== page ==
Did a one week trip away recently and spend three days in Alsace, France and some sightseeing in Strasburg and a town called Colmar. Interesting. Struggled trying to recall our French but we managed, especially since many people in the Alsace region speak German. What pretty much astonished me was the driving. I’ve been very critical of the French with their driving habits but the driving in France was so calm compared to Germany. The highway speed is maximum 130 KMs (ca. 81 MPH) while in Germany, much of the Auto Bahn is without a speed limit and with three lanes of traffic, each driver can decide for himself how fast to drive with a minimum of 80 KMS. I can be driving 100 MPH and be passed by a Porsche pushing 120 or 130 MPH or faster. Fortunately, one can only pass on the left so that is a real plus for Germany and slower traffic is SUPPOSED to drive to the right, but ha, that doesn’t always work. But getting from point A to point B is pretty easy in Germany giving the high speeds and I have to say, accidents do occur but highway deaths are pretty low, call things considered. But to end this paragraph, hats off to the French because I understand their traffic fines are pretty high and there is no 10%+ leeway in speeds.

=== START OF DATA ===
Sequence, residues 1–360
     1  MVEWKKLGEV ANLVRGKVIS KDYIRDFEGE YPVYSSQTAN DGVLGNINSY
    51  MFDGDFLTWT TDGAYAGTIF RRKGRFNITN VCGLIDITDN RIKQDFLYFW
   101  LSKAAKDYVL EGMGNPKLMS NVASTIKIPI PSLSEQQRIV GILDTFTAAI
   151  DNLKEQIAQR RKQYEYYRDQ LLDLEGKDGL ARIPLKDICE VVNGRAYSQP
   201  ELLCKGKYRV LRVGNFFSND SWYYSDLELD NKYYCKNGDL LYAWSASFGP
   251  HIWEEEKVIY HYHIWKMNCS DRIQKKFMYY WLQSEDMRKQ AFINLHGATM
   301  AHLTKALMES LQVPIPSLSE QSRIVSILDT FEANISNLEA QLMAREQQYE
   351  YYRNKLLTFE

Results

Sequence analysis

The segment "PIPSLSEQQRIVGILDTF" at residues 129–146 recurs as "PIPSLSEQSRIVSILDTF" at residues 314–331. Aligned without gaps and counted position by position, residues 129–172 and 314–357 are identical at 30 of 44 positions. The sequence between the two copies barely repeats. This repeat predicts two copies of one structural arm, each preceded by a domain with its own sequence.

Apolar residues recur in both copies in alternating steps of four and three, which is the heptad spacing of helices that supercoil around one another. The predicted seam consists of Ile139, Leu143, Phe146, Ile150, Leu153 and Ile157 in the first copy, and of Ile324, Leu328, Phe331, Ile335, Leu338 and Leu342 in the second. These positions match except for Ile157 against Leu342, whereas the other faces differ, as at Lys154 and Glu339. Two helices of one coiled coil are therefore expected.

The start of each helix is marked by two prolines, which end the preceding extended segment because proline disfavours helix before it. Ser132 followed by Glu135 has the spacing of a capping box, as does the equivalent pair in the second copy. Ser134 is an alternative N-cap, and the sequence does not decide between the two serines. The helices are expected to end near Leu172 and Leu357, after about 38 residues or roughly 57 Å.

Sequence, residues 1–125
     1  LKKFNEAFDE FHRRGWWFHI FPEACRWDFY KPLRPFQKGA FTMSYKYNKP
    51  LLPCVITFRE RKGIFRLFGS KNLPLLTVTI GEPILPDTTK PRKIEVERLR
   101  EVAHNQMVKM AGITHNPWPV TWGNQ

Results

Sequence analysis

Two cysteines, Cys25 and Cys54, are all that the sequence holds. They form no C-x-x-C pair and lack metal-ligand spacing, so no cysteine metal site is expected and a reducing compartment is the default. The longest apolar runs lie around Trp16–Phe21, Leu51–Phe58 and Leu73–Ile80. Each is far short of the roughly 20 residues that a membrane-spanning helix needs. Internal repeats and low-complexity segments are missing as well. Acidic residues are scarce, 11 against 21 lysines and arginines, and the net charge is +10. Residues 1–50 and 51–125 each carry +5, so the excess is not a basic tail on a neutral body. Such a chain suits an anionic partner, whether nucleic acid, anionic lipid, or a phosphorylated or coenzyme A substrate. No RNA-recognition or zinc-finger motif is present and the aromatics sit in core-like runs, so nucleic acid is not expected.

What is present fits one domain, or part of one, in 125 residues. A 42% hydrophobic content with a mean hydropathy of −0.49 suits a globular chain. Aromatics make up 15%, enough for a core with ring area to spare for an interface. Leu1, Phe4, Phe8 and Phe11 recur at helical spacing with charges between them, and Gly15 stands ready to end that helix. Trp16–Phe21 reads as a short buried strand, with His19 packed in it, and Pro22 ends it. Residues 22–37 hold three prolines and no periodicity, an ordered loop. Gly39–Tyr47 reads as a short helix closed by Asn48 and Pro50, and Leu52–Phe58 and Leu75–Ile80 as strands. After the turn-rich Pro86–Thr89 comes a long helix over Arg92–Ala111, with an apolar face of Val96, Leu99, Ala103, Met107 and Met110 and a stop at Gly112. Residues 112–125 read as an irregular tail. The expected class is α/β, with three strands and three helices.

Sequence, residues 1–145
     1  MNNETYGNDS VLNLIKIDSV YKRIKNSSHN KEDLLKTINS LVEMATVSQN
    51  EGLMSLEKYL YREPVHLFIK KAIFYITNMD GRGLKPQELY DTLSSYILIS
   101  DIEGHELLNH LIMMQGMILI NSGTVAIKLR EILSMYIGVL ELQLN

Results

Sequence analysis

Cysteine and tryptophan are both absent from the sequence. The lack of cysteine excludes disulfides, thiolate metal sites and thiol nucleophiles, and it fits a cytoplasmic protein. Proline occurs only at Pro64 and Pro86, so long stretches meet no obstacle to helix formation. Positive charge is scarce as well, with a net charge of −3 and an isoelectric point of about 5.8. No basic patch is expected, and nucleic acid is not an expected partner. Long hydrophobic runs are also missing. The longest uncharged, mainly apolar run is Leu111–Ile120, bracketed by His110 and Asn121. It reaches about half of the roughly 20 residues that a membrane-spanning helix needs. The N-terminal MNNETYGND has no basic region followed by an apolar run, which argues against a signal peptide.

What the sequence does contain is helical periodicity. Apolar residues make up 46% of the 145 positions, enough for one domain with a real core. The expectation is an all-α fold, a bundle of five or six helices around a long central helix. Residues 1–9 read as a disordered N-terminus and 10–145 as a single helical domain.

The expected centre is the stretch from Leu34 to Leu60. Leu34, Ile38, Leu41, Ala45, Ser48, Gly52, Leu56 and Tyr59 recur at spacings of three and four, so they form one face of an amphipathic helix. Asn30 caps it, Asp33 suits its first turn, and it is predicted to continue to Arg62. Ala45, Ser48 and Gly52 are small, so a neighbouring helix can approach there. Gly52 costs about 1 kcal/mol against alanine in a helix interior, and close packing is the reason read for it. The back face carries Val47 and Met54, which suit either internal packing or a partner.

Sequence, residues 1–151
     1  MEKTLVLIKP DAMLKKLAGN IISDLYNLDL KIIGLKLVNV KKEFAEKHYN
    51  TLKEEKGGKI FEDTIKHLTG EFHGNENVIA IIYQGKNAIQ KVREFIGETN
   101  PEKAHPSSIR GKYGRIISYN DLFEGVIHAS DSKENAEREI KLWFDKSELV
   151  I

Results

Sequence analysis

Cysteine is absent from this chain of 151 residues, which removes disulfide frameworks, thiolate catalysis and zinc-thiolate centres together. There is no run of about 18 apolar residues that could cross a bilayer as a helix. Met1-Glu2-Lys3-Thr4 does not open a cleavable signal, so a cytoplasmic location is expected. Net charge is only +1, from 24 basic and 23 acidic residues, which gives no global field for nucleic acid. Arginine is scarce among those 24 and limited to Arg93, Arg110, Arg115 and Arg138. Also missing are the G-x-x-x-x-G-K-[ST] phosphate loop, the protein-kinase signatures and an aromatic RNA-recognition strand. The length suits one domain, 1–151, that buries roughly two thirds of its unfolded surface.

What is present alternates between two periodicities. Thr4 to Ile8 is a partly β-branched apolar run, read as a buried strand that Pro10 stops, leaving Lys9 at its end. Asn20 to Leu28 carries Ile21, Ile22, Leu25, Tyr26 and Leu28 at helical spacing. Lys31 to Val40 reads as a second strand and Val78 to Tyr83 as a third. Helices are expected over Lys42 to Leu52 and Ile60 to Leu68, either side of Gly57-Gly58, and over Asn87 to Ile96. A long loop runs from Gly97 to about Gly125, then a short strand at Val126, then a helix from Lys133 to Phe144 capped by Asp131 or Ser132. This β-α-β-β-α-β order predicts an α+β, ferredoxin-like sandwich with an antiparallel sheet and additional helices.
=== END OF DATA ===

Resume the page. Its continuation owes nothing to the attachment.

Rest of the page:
Sighs of relieve were heard around the country when the Netherlands avoided a right-wing extremist in their elections a few months ago and the same for France. Poland and Hungary are watched carefully as their governments are moving to the right more and more every year. The Czech Republic is another to watch. While the Germany government (CDU) is center right, it is really more center and includes representatives of the SPD which is more center left. The party to watch here is the ADF which is a real collection of hard right folks. Questions abound about the departure of the UK from the European Union and I, for one, as a dual national (US/UK) am living in Germany on my UK/EU passport so what arrangements come out of the Briexit are important to me or I should say US as Gisela is an American citizen. I suspect that after 13 years here, we will be allowed to say should the UK/EU breakup affect Brits here and Germans in the UK. But time will tell.

OK, enough boring stuff so I will stop and besides, its after 1700 and a drink is in order. Have a nice weekend and stay safe.


  • Ken – Good to hear all is well with you and that you are enjoying life.


  • Suellen O Campbell

    Dear Ken~